INDIA:  IMPROVING THE HEALTH OF THE URBAN POOR LIVING IN SLUMS

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In May, a team composed of three members of EHP’s staff traveled to India on a three-week assignment to identify a strategy and initiate a work plan for the design and implementation of USAID/India’s Urban Health Program. The broad goal of the Urban Health Program is to improve the health of poor people dwelling in urban slums in selected areas of India. Based on the strengths and experiences of USAID/India’s Regional Urban Development Office (RUDO), two cities have been identified in which to implement the program initially: Ahmedabad (Gujarat) and Indore (Madhya Pradesh).EHP will be the lead organization to guide the implementation of the USAID/India Urban Health Program. In this capacity, EHP anticipates playing a variety of roles to achieve program goals and objectives. These roles include, but are not limited to, technical assistance in areas within EHP’s mandate and manageable interest; identification and coordination of cooperating agencies and nongovernmental organizations for other technical assistance activities beyond EHP’s mandate; creating a mechanism for providing small grants to local nongovernmental organizations; and overall leadership, coordination, and facilitation with other cooperating agencies, nongovernmental organizations, and international agencies.For information on this activity, please contact Eddy Perez (mailto:[email protected])
FIELD TRIALS OF BIOLOGICAL LARVICIDES FOR MALARIA CONTROL IN ERITREAWith funding from USAID/Asmara, EHP provides technical support to the Ministry of Health in Eritrea for implementing its National Malaria Control Program.Mosquito control is an important part of Eritrea’s National Malaria Control Program (NMCP), which currently uses indoor spraying, the chemical larvicide temephos, and community-based environmental management to control adult and larval mosquito populations. EHP is helping NMCP conduct field trials to evaluate the potential for using two biological larvicides, Bacillus thuringiensis var. israelensis and Bacillus sphaericus. The trials, which will begin in September, will have two components: The first will confirm the efficacy of the larvicides, and the second will examine several issues that will determine the effectiveness of a larvicide program. During a recent trip, EHP consultant Dr. Robert Novak and EHP Resident Adviser Dr. Josephat Shililu prepared detailed plans and protocols for the trials and completed the site selection process.For information on this activity, please contact Gene Brantly (mailto:[email protected])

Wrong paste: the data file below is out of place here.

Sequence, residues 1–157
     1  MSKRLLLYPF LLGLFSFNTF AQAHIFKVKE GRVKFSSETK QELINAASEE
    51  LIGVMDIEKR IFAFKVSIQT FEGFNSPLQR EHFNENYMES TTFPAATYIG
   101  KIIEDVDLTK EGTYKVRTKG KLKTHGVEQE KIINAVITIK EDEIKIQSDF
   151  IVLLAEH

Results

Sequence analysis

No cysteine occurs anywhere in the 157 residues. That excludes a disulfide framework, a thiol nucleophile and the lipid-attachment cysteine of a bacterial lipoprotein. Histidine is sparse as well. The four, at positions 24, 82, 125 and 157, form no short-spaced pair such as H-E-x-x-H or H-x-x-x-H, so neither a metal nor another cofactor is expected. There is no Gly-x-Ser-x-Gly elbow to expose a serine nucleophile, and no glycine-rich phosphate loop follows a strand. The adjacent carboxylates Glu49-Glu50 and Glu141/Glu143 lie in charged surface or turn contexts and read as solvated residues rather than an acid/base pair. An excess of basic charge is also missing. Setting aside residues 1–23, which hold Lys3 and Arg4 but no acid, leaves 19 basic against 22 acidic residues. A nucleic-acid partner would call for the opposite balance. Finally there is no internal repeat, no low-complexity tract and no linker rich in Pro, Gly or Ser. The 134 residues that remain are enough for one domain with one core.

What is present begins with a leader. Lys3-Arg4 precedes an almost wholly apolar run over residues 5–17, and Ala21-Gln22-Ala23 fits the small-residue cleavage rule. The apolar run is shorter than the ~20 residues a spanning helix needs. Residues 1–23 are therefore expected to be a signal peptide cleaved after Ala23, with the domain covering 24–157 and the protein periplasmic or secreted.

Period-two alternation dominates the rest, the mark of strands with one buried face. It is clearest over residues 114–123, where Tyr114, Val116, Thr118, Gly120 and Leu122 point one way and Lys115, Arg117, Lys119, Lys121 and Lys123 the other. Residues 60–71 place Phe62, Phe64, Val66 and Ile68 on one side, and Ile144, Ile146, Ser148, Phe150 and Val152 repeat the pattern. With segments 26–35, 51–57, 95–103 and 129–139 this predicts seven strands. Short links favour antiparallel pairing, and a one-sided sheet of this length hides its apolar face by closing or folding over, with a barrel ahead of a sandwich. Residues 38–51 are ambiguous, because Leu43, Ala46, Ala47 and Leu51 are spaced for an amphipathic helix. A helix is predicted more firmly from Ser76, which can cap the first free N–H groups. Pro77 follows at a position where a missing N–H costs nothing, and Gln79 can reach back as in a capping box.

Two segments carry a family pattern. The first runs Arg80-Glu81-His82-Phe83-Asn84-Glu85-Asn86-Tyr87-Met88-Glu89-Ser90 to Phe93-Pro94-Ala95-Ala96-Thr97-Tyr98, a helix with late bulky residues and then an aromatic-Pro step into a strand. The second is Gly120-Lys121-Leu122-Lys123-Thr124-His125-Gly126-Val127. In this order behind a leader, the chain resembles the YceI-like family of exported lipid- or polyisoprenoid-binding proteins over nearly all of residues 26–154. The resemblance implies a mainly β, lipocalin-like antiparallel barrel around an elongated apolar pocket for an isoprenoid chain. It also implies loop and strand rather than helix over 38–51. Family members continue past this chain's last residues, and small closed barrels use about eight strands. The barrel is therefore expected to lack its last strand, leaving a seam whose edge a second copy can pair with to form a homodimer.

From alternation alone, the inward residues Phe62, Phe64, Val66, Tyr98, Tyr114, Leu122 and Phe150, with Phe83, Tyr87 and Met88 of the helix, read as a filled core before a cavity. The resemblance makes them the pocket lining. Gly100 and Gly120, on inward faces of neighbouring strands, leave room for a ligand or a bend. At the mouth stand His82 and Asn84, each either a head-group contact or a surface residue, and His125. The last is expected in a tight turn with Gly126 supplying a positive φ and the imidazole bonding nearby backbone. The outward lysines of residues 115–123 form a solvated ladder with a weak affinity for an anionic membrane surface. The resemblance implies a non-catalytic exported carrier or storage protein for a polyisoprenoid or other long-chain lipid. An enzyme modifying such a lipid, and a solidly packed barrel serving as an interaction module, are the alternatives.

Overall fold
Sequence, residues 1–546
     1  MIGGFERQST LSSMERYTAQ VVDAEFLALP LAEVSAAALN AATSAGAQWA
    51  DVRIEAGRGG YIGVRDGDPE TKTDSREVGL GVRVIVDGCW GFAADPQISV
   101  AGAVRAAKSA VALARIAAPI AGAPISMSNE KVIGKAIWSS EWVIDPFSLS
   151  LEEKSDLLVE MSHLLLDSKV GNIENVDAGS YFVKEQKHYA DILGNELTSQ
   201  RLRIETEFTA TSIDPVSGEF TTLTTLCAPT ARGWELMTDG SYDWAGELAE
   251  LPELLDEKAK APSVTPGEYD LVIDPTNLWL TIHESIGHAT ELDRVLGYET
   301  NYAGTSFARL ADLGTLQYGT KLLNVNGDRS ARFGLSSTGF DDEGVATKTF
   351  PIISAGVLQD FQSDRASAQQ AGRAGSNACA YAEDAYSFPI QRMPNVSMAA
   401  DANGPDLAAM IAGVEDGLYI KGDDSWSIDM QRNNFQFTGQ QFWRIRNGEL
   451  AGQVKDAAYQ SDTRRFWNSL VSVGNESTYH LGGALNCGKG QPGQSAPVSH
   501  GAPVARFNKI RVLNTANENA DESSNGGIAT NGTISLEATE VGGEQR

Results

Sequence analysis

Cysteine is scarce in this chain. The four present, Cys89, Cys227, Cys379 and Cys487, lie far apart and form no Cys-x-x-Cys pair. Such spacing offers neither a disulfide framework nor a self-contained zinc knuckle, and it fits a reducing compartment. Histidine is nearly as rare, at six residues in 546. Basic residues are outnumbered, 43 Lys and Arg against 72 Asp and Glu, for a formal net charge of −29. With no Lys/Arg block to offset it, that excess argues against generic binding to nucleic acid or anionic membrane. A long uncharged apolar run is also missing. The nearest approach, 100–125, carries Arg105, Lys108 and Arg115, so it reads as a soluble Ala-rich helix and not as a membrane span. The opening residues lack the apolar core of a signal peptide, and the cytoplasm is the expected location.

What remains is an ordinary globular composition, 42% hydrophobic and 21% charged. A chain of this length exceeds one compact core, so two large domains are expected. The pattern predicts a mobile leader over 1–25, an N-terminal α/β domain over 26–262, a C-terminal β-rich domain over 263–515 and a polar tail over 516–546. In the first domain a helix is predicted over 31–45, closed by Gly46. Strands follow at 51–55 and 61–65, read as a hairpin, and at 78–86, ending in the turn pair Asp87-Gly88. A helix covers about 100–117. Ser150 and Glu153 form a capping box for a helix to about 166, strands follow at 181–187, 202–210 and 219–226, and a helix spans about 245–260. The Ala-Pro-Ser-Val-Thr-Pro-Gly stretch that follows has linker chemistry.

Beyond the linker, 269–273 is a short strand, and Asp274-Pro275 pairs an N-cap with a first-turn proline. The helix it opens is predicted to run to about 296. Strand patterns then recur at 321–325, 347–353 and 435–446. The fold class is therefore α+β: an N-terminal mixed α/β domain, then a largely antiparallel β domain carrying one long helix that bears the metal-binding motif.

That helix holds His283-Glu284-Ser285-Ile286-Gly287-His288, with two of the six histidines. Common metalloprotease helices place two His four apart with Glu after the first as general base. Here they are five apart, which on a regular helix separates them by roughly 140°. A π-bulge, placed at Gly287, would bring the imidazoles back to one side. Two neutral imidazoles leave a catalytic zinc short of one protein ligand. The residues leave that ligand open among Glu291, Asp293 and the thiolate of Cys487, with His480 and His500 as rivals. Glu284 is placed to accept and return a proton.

STRENGTHENING URBAN ENVIRONMENTAL HEALTH IN KANANGA, DEMOCRATIC REPUBLIC OF CONGOThe USAID/Democratic Republic of Congo Urban Environmental Health Strategy developed by EHP in collaboration with the Regional Urban Development Office presents a framework for both short-term and long-term interventions. Short-term interventions include the implementation of results-oriented pilot projects. The International Rescue Committee, in close collaboration with local nongovernmental organizations, is implementing one pilot project in Kananga.The main objective of the Kananga activity is to reduce the incidence of morbidity and mortality due to waterborne diseases, particularly among women and children, by enabling better health and hygiene practices, increasing quantity of household water, and improving the sustainability of water supplies.To date, 60 springs have been improved and 2 cisterns have been constructed. To support sustainability of the water supplies, each new source is privately owned and operated. Additionally, 10 local nongovernmental organizations have been trained to improve and manage water points, and 48 social animators trained in hygiene and health sensitization techniques have been mobilized. Another component of the Kananga pilot project is the implementation of baseline and impact surveys related to health and hygiene practices in the Kananga population. The University of Kinshasa School of Public Health, with support from EHP and the USAID Regional Urban Development Office, recently completed the baseline study.For information on this activity, please contact Chris McGahey (mailto:[email protected])